“Are you really going to the theater?” he said, trying not to look at her.
“Why do you ask with such alarm?” she said, wounded again at his not looking at her. “Why shouldn’t I go?”
She appeared not to understand the motive of his words.
“Oh, of course, there’s no reason whatever,” he said, frowning.
“That’s just what I say,” she said, willfully refusing to see the irony of his tone, and quietly turning back her long, perfumed glove.
“Anna, for God’s sake! what is the matter with you?” he said, appealing to her exactly as once her husband had done.
“I don’t understand what you are asking.”
“You know that it’s out of the question to go.”
“Why so? I’m not going alone. Princess Varvara has gone to dress, she is going with me.”
He shrugged his shoulders with an air of perplexity and despair.
“But do you mean to say you don’t know?...” he began.
“But I don’t care to know!” she almost shrieked. “I don’t care to. Do I regret what I have done? No, no, no! If it were all to do again from the beginning, it would be the same. For us, for you and for me, there is only one thing that matters, whether we love each other. Other people we need not consider. Why are we living here apart and not seeing each other? Why can’t I go? I love you, and I don’t care for anything,” she said in Russian, glancing at him with a peculiar gleam in her eyes that he could not understand. “If you have not changed to me, why don’t you look at me?”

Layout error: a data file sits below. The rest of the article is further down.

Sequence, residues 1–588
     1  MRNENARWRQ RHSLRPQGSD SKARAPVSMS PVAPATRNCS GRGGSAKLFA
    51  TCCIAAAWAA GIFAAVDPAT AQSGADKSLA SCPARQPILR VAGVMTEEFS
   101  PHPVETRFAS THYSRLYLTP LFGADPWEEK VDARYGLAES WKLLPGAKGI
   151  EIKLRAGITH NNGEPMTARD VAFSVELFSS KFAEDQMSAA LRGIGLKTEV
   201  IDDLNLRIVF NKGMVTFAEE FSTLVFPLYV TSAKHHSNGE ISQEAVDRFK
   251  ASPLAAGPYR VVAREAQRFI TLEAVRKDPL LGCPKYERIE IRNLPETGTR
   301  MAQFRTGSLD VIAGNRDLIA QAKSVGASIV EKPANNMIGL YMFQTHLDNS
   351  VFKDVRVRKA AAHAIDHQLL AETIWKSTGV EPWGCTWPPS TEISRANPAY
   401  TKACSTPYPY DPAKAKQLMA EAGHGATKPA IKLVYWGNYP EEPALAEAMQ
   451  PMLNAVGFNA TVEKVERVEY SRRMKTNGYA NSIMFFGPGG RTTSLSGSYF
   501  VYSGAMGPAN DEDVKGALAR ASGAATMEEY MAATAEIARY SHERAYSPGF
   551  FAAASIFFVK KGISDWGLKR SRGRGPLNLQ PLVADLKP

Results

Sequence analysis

He looked at her. He saw all the beauty of her face and full dress, always so becoming to her. But now her beauty and elegance were just what irritated him.
“My feeling cannot change, you know, but I beg you, I entreat you,” he said again in French, with a note of tender supplication in his voice, but with coldness in his eyes.
She did not hear his words, but she saw the coldness of his eyes, and answered with irritation:
“And I beg you to explain why I should not go.”
“Because it might cause you...” he hesitated.
“I don’t understand. Yashvin n’est pas compromettant, and Princess Varvara is no worse than others. Oh, here she is!”
Vronsky for the first time experienced a feeling of anger against Anna, almost a hatred for her willfully refusing to understand her own position. This feeling was aggravated by his being unable to tell her plainly the cause of his anger. If he had told her directly what he was thinking, he would have said: